If you have the privilege of becoming the confidante of an abuse victim, you may not know what to do or say when you first learn about the abuse. Although many people may stumble over inappropriate or awkward responses, these are all far better than silence. It is easy to be silent out of shock or fear, but remember the words of Blessed Pope John Paul II, “Be not afraid!” Instead, pray for the right words to bring mercy, healing, understanding, and compassion to the injured soul that God has sent to you.
One of the first and easiest things to say is, “It sounds like you feel __________ .” Simply fill in the blank with words like anger, sadness, fear, discouragement, helplessness, hopelessness, or guilt. This opening gives the abuse victim permission to feel and permission to share. In providing this channel, you give the individual an opportunity to experience God’s compassion and mercy through your actions. Remember, we are called to be Christ to others.
After listening patiently to the individual’s story, you can acknowledge the sin. In many cases, those who abuse will manipulate the victims into believing that sinful actions are actually acceptable. If it’s clear to you that there was wrong-doing, you can use a phrase such as, “That sounds like abuse, and it is not right.”
When we do something difficult, it’s helpful when we are affirmed for our effort. This is especially true for abuse victims. It takes a great deal of courage to speak about such a difficult topic, wrought with so many mixed and negative emotions.
Honor the individual’s virtue of courage in sharing the situation with you by saying something like, “You were strong to tell me something so private.”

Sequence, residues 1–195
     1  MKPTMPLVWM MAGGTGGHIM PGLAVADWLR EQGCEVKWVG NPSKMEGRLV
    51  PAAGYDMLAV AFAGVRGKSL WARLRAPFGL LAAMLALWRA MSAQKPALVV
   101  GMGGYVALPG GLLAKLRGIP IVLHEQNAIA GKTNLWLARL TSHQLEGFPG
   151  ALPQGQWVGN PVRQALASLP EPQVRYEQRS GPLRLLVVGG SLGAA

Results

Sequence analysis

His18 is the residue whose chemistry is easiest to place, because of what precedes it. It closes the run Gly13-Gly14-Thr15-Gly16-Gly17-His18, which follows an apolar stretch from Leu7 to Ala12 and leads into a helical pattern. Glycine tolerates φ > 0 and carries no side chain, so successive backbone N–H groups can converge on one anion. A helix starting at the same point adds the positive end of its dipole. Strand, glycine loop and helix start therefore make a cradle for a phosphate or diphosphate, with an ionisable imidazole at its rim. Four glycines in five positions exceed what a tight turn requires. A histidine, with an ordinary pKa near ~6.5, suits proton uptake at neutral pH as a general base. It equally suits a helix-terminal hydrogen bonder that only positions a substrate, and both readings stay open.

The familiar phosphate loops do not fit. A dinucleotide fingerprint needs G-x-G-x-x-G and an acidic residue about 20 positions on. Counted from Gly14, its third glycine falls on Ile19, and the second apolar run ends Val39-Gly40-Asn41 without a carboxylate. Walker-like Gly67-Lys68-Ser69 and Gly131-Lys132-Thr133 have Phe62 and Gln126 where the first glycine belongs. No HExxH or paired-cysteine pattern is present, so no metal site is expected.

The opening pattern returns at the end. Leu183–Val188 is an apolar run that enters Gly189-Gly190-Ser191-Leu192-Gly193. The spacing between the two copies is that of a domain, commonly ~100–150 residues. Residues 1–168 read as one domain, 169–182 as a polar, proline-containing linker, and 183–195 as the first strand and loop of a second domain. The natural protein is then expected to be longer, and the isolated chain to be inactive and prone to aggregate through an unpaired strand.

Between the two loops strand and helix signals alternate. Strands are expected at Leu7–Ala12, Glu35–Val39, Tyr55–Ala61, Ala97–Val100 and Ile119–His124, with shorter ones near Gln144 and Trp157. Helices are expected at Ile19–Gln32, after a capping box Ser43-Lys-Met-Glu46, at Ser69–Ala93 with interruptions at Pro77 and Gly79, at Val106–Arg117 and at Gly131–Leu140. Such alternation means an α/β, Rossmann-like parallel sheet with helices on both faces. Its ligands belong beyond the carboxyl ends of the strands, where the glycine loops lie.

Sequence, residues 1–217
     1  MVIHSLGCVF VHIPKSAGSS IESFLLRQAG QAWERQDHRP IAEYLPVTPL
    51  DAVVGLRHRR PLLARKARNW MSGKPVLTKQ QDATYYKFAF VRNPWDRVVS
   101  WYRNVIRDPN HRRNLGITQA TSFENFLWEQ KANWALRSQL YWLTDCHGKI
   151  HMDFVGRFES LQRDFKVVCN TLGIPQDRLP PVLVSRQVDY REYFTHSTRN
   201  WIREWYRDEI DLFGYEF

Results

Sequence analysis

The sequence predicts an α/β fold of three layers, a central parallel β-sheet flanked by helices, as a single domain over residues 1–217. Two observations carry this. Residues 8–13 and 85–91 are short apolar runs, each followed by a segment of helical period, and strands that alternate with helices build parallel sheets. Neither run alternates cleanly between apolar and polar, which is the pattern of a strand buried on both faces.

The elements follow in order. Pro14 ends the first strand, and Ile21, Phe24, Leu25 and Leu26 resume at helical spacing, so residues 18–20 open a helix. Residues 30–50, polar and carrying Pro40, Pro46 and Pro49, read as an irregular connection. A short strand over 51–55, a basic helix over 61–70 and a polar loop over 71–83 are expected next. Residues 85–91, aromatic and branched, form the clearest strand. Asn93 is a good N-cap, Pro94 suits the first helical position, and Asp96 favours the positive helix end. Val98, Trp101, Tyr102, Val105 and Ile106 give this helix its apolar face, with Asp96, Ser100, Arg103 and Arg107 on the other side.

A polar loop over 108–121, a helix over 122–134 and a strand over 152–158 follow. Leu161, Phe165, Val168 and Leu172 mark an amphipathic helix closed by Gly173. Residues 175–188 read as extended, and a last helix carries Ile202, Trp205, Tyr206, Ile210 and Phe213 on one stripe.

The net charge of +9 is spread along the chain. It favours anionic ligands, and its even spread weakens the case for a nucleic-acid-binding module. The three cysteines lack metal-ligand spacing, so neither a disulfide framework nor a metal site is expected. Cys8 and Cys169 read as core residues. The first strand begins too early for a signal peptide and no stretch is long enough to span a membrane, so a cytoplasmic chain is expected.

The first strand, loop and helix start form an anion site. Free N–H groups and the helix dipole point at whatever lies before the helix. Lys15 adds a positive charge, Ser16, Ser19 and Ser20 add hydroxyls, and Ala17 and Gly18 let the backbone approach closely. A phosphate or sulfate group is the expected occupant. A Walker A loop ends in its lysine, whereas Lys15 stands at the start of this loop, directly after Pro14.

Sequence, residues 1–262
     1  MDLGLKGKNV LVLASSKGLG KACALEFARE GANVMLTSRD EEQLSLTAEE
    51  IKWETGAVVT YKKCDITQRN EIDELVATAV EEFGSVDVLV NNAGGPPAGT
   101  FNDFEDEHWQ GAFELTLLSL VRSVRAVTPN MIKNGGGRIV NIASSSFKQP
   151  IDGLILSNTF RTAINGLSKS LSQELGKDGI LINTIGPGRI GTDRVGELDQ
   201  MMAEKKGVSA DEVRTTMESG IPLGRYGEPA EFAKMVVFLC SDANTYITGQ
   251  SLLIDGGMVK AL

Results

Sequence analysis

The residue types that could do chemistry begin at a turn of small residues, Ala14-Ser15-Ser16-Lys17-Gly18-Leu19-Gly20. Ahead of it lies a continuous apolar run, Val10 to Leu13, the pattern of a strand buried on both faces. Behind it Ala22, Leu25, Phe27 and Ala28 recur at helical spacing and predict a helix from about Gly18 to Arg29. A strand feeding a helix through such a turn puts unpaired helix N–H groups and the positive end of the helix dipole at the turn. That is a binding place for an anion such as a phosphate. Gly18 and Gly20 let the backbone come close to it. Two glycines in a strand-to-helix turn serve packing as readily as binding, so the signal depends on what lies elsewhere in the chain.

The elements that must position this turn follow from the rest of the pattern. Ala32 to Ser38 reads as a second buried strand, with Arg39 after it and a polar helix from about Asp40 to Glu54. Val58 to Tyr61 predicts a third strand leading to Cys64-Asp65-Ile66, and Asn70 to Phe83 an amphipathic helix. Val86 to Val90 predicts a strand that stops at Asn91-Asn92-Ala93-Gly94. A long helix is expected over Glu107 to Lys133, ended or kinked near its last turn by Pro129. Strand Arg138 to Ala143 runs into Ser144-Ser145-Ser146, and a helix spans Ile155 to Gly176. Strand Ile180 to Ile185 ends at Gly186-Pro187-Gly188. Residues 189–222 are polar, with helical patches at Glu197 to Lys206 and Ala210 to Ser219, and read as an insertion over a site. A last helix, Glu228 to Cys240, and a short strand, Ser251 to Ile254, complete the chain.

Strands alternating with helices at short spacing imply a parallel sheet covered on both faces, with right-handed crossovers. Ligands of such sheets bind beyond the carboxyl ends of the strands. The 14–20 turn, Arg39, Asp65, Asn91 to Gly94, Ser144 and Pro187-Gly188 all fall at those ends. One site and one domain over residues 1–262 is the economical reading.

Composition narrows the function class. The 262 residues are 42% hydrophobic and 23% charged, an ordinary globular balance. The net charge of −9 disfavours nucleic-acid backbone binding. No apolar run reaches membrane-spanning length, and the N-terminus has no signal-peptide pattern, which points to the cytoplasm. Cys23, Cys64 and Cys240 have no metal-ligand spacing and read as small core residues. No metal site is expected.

Most of the time, abuse victims are looking for a way out of their situation, even if they don’t quite know it yet. Now that they have shared the situation, help them explore different alternatives on what they can do next, remembering that ultimately, the choice will be theirs on whether or not to do something.
If the abuse is something that happened in the past, you can say, “You don’t have to continue living with this secret,” or “Have you ever thought about talking to a counselor?” Offer to support individuals in any way they desire including finding possible therapists or accompanying them to their first appointment.
If the abuse is ongoing, you can say, “You don’t have to continue being in a relationship where you are hurt” or “Counseling can help whenever you are ready.”
If a child is involved, a call to Child Protective Services may be warranted if the child cannot defend himself or herself.
Finally, offer to pray for abuse victims as well as to pray for guidance, strength, and courage moving forward. God has the ultimate healing power, and with His help, abuse victims can find safety, peace, and love.
Often, these simple phrases can communicate understanding, compassion, healing, and hope. Most importantly, these statements break the silence of abuse and help a friend or relative be a step closer to being a survivor.